Saturday, 9 February 2013

The Best of jobs, the blurst of jobs...

Extra! Extra! Read all about it! NEW WRITER FEUD!

Today, ladies and gents, we have Elizabeth Gilbert taking on Philip Roth. We also have the fallout, which you can see here, and here, and here.

Nothing like a little drah-ma to liven up Life After The Snowstorm, wouldn't you say?

The thing that gets me about feuds like these--particularly feuds with writers, it would seem--is that usually, they inevitably come down to Point A versus Point B, with nary a moment to consider the lovely bumpy ground in between. Philip Roth says that writing is an awful field. Elizabeth Gilbert says, by contrast, that it's actually a pretty fucking great job. There's a little bit of acknowledgment on both sides, I think, that it's maybe not always awful, not all the time--you can't help but hear the joke in Philip Roth's words, even as he says them--nor is it always fucking great, not all the time, but by and large the positions are pretty set. Philip Roth = eternal curmudgeon. Elizabeth Gilbert = eternal optimist. Yadda yadda. Etc.

The problem with debates like this is that the impassioned defenses, when they inevitably arise, only serve to further entrench each idea of The Writing Life. And as someone who has found her own particular Writing Life (whatever the heck that means) to be endlessly varied and filled with surprises of both the good and bad kind, I think it's worthwhile, every now and again, to step back and try one's best to look at all aspects of the issue. Because let's face it: the reality of the matter is that for most people, writing is not "fucking great". Not all of the time. As my father once oh-so-astutely pointed out, "You do an awful lot of work for not an awful lot of money." Also, you're caught in this vicious cycle of putting little babies out into the world and getting them rejected on a constant basis. You live for those all-too-few moments when the babies get picked up and fawned over by someone else. For some of us, it rarely ever happens. (Remember when I broke down my success-to-failure ratio? Yeah. That. Like I said: if I was a doctor and had that same rate of success, I'd have been sued for malpractice ten times over by now.) Also, even when the babies do get accepted, there inevitably comes the moment when you see them in print -- what you've waited for! All this time! -- and suddenly feel yourself cringing. I could have used a different word there. I should have tightened that scene -- that would have made it so much better. You live, constantly, in the shadow of your own imperfection. You are never as good as you hope that you could be. You are always, on some level, failing. This is true.

But every now and then you get moments. You know. Those ones. That moment when a literary journal writes to you and says Congratulations! We loved your essay. We'd be honoured to publish it. That moment when your agent gets back to you and says Great news! We have a book contract! And YOU'LL EVEN GET PAID FOR IT!  Maybe it's the fact that these little successes come in the face of overwhelming rejection that makes them shine all the brighter. Whatever the reason, these moments do shine, and sometimes they shine brightly enough to make a writer think that, yes, writing is pretty fucking great. Even if only for a little while.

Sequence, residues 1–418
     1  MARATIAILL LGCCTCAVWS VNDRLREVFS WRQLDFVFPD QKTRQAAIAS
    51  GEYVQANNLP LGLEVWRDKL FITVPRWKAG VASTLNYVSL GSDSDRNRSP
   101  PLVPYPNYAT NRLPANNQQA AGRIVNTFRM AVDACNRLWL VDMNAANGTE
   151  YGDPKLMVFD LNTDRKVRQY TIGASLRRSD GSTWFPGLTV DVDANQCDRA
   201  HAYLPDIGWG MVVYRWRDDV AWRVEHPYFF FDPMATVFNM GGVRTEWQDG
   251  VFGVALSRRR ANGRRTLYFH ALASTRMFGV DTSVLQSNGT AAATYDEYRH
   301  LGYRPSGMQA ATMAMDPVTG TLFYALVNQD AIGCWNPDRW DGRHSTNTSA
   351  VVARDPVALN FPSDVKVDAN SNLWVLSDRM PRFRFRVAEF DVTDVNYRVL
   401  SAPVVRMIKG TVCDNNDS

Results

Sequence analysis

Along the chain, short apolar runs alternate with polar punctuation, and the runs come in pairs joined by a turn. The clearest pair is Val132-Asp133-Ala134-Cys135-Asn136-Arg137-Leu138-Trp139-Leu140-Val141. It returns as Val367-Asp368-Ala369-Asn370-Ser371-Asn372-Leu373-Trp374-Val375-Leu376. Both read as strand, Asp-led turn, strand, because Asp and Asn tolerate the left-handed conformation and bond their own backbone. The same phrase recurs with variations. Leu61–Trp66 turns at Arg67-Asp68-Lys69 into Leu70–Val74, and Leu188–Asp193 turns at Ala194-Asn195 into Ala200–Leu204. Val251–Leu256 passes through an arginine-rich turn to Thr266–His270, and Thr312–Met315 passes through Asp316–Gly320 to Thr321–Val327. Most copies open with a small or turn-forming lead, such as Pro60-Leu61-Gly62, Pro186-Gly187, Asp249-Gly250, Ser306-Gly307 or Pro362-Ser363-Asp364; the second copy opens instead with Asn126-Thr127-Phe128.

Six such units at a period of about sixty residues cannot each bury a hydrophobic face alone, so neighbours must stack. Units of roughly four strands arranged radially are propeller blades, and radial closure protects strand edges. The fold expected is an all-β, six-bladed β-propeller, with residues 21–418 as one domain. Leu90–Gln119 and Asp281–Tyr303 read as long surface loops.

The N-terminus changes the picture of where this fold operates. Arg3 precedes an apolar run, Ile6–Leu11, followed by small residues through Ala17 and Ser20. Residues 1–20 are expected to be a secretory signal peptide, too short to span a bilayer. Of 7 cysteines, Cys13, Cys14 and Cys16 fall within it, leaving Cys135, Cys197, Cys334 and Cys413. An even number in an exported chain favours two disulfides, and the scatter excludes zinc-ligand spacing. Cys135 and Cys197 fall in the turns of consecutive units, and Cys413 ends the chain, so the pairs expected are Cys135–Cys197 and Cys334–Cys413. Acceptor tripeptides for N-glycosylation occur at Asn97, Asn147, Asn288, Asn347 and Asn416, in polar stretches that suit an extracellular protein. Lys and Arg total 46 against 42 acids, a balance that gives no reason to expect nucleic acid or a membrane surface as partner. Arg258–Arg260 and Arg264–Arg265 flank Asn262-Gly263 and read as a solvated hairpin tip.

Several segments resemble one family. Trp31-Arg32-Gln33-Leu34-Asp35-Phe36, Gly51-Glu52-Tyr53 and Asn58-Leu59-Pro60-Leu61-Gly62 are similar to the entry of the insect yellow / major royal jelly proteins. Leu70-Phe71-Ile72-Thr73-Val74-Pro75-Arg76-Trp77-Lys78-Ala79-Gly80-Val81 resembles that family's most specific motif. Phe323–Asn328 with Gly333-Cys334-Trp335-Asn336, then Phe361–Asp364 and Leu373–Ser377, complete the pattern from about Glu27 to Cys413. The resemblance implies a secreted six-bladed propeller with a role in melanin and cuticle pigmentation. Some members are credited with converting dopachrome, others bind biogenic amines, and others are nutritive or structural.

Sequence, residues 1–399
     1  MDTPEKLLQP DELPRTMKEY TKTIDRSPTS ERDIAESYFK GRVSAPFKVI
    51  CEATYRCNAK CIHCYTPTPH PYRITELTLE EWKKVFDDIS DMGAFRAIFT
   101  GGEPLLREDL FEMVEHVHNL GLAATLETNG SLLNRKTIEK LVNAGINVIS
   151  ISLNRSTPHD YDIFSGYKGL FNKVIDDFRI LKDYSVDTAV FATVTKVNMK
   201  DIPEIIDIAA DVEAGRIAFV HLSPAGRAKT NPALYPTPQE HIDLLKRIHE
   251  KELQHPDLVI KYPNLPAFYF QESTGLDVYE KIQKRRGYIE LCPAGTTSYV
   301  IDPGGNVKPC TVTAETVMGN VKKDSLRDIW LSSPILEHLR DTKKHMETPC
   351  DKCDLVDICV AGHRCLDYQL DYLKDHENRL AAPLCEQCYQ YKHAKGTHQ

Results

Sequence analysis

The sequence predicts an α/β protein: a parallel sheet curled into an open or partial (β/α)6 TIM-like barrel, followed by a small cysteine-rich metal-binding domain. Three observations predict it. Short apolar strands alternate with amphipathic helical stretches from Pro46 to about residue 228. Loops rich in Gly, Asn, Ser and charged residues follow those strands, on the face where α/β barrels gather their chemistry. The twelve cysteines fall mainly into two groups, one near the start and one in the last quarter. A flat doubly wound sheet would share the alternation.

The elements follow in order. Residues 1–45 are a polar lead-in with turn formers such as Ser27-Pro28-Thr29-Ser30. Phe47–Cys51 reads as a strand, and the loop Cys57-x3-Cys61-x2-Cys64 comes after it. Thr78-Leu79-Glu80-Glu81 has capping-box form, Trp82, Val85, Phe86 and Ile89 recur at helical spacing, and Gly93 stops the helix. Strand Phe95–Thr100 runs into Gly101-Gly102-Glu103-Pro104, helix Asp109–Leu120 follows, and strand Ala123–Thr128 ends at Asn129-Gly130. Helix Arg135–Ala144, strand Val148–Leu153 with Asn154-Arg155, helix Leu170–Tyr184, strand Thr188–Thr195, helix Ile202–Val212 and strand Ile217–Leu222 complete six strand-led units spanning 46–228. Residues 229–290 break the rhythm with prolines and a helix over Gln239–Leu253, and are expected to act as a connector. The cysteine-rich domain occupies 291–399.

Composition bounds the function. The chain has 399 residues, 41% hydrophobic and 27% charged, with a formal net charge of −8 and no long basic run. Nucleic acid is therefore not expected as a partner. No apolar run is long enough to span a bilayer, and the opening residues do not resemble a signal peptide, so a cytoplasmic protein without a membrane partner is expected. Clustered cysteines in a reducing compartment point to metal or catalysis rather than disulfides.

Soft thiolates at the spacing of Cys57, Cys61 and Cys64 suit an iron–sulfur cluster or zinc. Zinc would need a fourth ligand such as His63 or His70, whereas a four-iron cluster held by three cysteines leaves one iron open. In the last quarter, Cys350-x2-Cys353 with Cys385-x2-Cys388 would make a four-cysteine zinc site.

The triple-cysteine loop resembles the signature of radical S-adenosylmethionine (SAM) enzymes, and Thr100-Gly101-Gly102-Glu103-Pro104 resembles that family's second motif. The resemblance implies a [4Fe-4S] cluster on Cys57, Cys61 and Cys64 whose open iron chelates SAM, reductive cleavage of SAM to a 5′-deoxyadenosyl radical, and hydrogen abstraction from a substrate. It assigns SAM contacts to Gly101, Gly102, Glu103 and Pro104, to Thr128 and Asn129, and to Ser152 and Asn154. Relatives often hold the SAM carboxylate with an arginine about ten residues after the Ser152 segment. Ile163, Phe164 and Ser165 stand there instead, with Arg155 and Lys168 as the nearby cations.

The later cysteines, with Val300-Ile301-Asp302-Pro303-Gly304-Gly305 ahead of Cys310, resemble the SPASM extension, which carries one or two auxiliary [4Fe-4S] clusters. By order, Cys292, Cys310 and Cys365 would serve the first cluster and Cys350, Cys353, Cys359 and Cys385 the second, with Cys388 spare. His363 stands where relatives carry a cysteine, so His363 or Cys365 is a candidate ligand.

Besides--as Gilbert so rightly points out, the fact that writing requires comparatively little physical anguish when compared to slugging two-by-fours or working the night shift at a diner or holding possibility of someone's life right under your scalpel makes me wary of trumpeting how much writing might make one suffer. Don't get me wrong--writing is all about mental anguish. The worry of not measuring up. The constant fear that your past successes have only been flukes, that you won't ever write anything as good ever again, that you might have managed to publish a novel but look at Writer X who's ten years younger than you are and has already published TWO novels and won PRIZES and ACCLAIM and you can't even land a teaching job, and in the mean time you have to slog away waiting tables or selling people crap that they don't need or even, say, work as an admissions clerk at a hospital. Sure, that's a tough thing to juggle. On the one hand.

On the other hand? We need to grow up, guys. We need to get over ourselves.

Again, don't mistake me. I worry and fret and put myself through all kinds of mental torture as a result of my writing, or my not-writing, or my potential inability to ever say anything of any consequence. I worry a great deal about, as Gilbert says, the "marvelous pointlessness" of the writing activity. You sweat and bleed and cry over these pages, and maybe the novel gets published or maybe it doesn't, but you still have every chance of fading into obscurity, published novel or no. And is a published novel going to save someone's life? Really truly? Again, there's a chance that it might. (God knows, plenty of published novels have saved mine.) But there's also an equal chance that it won't. Even the novels that win prizes and acclaim in our time are likely destined for humbler endings. Maybe they get lucky enough to be that novel that schoolchildren are forced to read (and will probably vehemently dislike, if my own exposure to curriculum staples in high school is any indication) fifty years down the road. But people. Come on. How many contemporaries of Shakespeare are spoken about and remembered in the same way today? Christopher Marlowe? Anyone else?

And even when you do manage to reach that one reader, how much of an impact can you really be said to have in their world as it continues to unfold? Most likely, your book will get relegated to their shelves. You can win prizes and acclaim and all of that, but once the parties and the glitz dies down, your novel will get put on a shelf, and it will stay there. Maybe that reader will look back over it once or twice and smile, and remember how great it was to read it for the first time. Maybe. (Or maybe it will end up on the shelf of a used bookstore, instead.) But will your little book have a huge impact on the world? Will the novels of Philip Roth, as gigantic as he is and has been throughout his career, have a huge impact on the world overall? Will Elizabeth Gilbert's novels do the same? Probably not. Not in the same way that, say, discovering a cure for cancer might do. Not in the same way that the people who build our houses and give us water and pave our streets and decide things in our governments do little things, every day, to make our world smoother.